"Doctor Who" connections abound in this intriguing 1977 six-part children's serial from ATV: Director Michael Hart helmed the 1969 Patrick Troughton adventure "The Space Pirates", whilst co-writer Trevor Ray not only script edited the show during its change-over period from Troughton to Jon Pertwee, as well as the former comic actor's ensuing first season in the role of the Doctor during which Ray also found time to write "The Ambassadors of Death" along the way - but he also appeared briefly on screen in a cameo role playing a ticket inspector in "The Silurians". He and his writing partner Jeremy Burnham are better known, though, for creating and writing the cult 70s children's serial "The Children of the Stones" - a piece of work renowned for its uncanny atmosphere and an ambiguous plot that refused to explain itself neatly or simplify its complications for its young audience.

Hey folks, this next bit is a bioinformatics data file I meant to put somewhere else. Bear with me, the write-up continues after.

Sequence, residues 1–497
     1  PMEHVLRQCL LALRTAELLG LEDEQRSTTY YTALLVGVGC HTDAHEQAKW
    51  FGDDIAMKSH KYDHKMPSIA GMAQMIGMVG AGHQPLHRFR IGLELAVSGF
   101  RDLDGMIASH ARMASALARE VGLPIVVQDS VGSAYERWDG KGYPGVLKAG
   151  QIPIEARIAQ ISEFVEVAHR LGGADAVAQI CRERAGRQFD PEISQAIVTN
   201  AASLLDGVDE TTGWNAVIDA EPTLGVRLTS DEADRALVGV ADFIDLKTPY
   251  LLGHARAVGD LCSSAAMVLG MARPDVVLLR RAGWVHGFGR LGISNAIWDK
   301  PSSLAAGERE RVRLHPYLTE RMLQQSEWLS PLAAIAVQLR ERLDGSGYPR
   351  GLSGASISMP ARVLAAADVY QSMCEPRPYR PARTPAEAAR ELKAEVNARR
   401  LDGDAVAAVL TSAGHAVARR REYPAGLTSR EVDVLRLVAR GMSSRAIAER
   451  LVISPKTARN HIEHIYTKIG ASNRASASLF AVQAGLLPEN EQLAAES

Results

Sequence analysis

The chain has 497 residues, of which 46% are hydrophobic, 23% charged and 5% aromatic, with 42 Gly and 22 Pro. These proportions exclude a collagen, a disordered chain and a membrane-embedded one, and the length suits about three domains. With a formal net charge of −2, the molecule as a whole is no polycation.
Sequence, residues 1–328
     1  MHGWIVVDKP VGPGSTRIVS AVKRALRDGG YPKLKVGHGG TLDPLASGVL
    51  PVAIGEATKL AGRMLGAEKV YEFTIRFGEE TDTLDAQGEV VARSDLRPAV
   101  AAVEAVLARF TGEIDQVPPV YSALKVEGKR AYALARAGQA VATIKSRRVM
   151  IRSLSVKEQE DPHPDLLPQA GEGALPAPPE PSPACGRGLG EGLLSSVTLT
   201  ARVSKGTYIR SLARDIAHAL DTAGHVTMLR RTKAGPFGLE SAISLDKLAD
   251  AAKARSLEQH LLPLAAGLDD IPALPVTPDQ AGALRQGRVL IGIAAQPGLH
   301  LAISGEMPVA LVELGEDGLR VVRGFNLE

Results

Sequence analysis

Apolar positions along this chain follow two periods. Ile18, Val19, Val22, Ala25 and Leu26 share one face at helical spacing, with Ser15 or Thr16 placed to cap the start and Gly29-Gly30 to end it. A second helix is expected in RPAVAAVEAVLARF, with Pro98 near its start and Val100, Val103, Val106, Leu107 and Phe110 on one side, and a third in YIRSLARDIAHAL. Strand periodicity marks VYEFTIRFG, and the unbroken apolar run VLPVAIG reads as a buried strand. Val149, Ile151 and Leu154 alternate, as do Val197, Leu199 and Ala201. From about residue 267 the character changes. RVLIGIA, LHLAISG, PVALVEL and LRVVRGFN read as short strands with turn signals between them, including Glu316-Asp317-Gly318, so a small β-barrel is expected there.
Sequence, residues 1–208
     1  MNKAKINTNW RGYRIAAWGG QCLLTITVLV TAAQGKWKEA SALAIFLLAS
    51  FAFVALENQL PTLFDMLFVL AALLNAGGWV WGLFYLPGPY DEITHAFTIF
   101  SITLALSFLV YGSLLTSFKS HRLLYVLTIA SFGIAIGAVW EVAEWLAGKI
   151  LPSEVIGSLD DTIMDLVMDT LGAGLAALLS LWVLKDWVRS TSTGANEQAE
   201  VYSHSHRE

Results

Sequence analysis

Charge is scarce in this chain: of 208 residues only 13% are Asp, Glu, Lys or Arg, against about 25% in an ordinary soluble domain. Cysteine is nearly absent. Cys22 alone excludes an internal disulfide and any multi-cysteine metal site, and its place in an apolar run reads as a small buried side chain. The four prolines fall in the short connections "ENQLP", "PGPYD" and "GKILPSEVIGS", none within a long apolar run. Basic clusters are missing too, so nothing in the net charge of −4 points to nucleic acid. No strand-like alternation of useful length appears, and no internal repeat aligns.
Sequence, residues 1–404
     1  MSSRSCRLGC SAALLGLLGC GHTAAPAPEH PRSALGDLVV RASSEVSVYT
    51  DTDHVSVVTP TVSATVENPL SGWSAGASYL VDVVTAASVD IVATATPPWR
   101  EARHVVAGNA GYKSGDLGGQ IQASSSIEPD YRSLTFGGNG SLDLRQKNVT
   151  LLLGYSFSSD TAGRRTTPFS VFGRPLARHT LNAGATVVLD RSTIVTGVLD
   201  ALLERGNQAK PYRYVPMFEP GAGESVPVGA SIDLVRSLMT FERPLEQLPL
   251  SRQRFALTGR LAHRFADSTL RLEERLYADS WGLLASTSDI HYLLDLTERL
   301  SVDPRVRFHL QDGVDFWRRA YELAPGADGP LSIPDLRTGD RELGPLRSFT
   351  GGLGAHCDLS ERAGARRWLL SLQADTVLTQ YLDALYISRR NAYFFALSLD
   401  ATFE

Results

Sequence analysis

"Raven" is the little-seen follow-up by the two writers, and inhabits pretty much the same areas of concern: ancient British history and its legends form a compelling and atmospheric backdrop to a tale filled with mysticism, astrology and the paranormal as well as a large dose of environmentalism that expresses itself in the contemporary concern with the issue of nuclear reprocessing. Standing stones with ancient power play equally as important a role in both stories and it looks very much to me like the same misshapen fake prop stones have been carried over from "Children of the Stones" into "Raven". Both series also feature imposing professorial authority figures who turn out to be the nexus of ancient forces that might appear irrational to the modern mind and are certainly completely at odds with these characters' scientific roles in the everyday world, but which are very much rooted here in a progressive eco-mindedness.